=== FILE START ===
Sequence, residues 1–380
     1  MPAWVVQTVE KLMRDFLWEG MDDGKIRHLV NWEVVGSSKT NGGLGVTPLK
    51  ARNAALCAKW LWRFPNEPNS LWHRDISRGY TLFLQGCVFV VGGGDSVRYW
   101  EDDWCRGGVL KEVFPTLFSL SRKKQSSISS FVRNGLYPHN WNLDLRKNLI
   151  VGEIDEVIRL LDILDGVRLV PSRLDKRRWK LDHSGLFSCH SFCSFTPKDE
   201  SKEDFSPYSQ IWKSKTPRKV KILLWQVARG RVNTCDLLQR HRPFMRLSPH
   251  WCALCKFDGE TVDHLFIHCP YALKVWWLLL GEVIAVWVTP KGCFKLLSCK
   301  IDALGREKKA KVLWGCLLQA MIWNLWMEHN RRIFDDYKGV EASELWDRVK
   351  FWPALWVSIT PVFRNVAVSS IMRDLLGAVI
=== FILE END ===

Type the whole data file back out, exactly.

Sequence, residues 1–380
     1  MPAWVVQTVE KLMRDFLWEG MDDGKIRHLV NWEVVGSSKT NGGLGVTPLK
    51  ARNAALCAKW LWRFPNEPNS LWHRDISRGY TLFLQGCVFV VGGGDSVRYW
   101  EDDWCRGGVL KEVFPTLFSL SRKKQSSISS FVRNGLYPHN WNLDLRKNLI
   151  VGEIDEVIRL LDILDGVRLV PSRLDKRRWK LDHSGLFSCH SFCSFTPKDE
   201  SKEDFSPYSQ IWKSKTPRKV KILLWQVARG RVNTCDLLQR HRPFMRLSPH
   251  WCALCKFDGE TVDHLFIHCP YALKVWWLLL GEVIAVWVTP KGCFKLLSCK
   301  IDALGREKKA KVLWGCLLQA MIWNLWMEHN RRIFDDYKGV EASELWDRVK
   351  FWPALWVSIT PVFRNVAVSS IMRDLLGAVI